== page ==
Monday, August 01, 2016

Summer is a Girl 


Haydée Politoff in Eric Rohmer's La Collectionneuse represents the kind of girl the protagonist says he has no interest in, despite being seemingly obsessed with her.

Summer is a girl on a bike, gliding effortlessly, brown shoulders bared with her hair blowing in lazy loose wisps and a tattoo dripping down her thigh. Summer is an ice cream that started to melt before the first sting of cold even touched your lips. Summer is when you savour the last rays of daylight like a candy you let dissolve on your tongue. Summer is the flutter of birch leaves and the dappled sunlight diffused beneath its branches. Summer should be warm cheeks and cool breezes, sudden storms, fresh cracked cans of beer, the spit of a sizzling steak and the electric hum of cicadas. It should be air from open windows disturbing papers while fans throb and sweating glasses leave rings on tabletops.

It shouldn’t be hate, violence, oppression, xenophobic billionaires or gruelling, repressive heat with smothering humidity and dry dead grass suffering from drought. It shouldn’t be that rotting stink that hangs over every trashcan. It shouldn’t be a line of police officers combing a street for evidence. It shouldn’t be a junky shaking uncontrollably or a fight between two drunken louts and their shadows. And it sure shouldn’t be the still sameness of office lighting and air conditioning where I find myself weirdly stuck in a timeless void. What day is it? I can’t remember. What time is it? Hard to tell. Whose life is it? Not worth mentioning.

Now another long weekend snuck up behind me, and not in the coquettish way of a flirty French movie, but without a plan or even an idea of what to do or how to escape. I’m wasting the season like a kid stuck in summer school. They say your memory elongates pleasant and engaging experiences and compresses dull and forgettable ones which is why so far I’ve had no insight, no remembrance nor any story to recall. And this is like every summer for the last three at least. My days have been inside looking out. I’ve been avoiding the heat within air conditioned theatres. I’ve been blocking out the sun under baseball caps and lines of laundry and errands so meaningless they make flipping through empty TV channels seem like an adventure.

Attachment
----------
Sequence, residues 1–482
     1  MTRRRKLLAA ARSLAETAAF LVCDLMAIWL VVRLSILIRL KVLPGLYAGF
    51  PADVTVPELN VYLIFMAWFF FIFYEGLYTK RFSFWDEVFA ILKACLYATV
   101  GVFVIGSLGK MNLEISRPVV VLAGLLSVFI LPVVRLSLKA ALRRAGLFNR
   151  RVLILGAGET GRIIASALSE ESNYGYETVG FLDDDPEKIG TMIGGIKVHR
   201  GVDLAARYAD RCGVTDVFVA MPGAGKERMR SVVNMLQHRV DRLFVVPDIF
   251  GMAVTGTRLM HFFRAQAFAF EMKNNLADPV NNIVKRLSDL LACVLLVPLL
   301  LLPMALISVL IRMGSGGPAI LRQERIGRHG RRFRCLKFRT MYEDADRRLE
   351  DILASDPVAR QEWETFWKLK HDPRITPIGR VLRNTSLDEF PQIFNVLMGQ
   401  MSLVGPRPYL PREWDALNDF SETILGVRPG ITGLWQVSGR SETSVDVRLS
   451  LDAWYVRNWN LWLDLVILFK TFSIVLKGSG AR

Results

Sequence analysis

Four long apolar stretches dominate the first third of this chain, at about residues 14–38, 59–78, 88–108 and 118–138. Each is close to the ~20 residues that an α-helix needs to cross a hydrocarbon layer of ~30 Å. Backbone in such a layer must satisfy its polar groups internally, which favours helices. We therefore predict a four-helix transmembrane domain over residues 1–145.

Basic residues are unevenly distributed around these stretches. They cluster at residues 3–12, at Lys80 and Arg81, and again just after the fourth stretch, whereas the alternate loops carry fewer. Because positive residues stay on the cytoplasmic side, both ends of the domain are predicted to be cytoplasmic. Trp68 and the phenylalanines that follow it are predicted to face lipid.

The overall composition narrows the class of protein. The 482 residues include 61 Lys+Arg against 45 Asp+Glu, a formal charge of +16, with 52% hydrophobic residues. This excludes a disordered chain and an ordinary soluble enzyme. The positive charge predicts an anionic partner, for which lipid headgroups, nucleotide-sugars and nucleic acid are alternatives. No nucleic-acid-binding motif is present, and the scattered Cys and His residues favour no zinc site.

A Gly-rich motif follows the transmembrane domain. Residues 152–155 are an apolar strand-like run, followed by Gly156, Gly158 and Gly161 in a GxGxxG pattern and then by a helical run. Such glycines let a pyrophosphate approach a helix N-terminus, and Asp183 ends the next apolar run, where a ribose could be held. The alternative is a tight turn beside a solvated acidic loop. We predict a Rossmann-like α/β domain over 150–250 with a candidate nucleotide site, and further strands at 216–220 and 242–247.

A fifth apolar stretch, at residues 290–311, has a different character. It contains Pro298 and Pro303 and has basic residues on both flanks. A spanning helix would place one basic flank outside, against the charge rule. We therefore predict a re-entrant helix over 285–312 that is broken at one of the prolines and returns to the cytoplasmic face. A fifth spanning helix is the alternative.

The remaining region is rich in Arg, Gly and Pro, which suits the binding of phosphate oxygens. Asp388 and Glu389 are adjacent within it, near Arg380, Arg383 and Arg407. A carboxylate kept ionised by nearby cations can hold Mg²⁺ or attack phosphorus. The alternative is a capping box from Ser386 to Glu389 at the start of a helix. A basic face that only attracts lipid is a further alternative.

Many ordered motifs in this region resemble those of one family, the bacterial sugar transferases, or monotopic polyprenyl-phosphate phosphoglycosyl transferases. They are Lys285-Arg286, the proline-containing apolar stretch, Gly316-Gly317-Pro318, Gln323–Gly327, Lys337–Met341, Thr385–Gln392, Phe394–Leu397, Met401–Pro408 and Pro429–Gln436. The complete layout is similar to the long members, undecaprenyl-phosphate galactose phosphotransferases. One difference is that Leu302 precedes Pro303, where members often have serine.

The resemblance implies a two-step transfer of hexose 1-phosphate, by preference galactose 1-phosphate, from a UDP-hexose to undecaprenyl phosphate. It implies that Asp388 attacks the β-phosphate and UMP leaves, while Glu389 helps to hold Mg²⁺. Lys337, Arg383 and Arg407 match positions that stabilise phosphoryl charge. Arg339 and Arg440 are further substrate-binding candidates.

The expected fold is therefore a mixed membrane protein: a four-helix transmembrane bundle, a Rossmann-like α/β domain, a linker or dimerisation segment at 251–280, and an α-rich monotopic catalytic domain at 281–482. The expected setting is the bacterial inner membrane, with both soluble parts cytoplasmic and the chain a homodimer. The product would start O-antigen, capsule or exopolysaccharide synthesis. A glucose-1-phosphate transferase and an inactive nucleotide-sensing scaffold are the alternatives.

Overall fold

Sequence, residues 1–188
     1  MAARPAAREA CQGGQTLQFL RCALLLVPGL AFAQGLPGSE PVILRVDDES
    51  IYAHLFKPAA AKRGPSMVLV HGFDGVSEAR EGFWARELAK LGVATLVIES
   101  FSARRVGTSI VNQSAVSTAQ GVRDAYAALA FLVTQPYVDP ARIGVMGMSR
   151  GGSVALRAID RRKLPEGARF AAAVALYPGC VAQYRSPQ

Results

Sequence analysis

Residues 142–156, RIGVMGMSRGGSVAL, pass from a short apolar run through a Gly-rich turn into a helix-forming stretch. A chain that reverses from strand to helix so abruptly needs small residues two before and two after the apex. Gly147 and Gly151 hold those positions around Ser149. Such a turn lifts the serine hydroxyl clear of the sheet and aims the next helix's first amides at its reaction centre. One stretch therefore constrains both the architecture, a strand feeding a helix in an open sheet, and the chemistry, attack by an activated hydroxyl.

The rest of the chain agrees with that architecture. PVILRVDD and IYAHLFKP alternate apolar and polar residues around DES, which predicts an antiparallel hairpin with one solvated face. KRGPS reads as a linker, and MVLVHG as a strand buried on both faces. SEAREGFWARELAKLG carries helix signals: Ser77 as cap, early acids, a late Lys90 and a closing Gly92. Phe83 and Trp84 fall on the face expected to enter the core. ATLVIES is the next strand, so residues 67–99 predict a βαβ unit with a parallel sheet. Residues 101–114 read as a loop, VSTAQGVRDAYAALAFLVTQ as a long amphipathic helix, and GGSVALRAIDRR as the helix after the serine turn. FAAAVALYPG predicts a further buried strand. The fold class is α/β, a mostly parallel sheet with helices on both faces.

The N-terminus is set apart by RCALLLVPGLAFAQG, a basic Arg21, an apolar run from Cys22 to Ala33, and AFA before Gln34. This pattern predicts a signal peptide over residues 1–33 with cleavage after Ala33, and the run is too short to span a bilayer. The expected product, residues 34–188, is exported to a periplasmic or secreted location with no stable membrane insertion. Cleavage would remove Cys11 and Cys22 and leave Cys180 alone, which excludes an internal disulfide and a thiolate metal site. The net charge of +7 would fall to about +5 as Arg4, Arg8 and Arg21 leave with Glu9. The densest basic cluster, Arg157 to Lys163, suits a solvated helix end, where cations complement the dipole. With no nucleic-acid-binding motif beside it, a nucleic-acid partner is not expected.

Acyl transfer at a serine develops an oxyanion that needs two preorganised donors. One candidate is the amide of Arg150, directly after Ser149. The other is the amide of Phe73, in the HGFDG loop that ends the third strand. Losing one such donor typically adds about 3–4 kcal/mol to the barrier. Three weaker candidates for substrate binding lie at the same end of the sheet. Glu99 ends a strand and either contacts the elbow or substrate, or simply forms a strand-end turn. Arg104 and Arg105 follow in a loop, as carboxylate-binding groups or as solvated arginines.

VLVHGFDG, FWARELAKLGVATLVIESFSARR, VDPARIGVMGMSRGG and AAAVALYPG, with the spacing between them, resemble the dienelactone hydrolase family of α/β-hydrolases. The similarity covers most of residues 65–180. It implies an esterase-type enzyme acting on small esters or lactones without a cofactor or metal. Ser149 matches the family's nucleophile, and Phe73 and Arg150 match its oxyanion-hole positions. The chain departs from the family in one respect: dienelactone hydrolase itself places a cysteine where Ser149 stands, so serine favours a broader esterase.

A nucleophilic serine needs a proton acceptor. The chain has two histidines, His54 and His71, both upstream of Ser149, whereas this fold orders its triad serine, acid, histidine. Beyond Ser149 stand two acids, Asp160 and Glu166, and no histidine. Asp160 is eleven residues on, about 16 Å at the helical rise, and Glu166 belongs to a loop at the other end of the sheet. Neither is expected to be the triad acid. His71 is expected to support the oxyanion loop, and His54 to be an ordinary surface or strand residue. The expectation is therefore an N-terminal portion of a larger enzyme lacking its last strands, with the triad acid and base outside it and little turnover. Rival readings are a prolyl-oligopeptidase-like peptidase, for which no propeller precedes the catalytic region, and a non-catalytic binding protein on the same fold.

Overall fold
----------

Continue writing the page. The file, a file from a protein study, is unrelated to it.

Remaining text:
Haydée Politoff in Eric Rohmer's La Collectionneuse

An overnight camping trip says I, that’ll be my ticket to summer bliss. Oh, but no, you’ve waited too long and not a campsite in sight is available for your sorry machinations. Maybe that kayaking course. A weekend on the water. What could be better? If I’d thought of it a week ago, I probably could’ve signed up in time. The irony of modern travel is you can go anywhere, anytime but once you’re there you need somewhere to hang your hat. AirBnB sounds so simple yet I’ve never even had a request answered or replied to? I know it is only polite to book two weeks in advance but I never actually think two weeks in advance for anything besides which two weeks still isn’t enough time to find a hotel, inn, bed and breakfast (which, by the way, I hate), or even a campsite! I can’t even guarantee a 4ft x 6 ft patch of dirt to pitch a tent (and I’ve been looking since June). So rather than peddle to a park hoping they’ll let me in, I guess I’ll go for some rides to the outer burgs and inner 'burbs of Toronto and picnic therein. I’ll swim in pools rather than ponds. I’ll while away the weekend in repose on a bench instead of a beach. I’ll take in a show rather than a vista. I’ll cook over propane rather than fire and I’ll sleep on my bed instead of a tarp. I’ll take day trips to nap under trees and call it a “stay-cation”, I’ll take books to faraway places and I’ll forget what time it is just long enough to catch the last train home.

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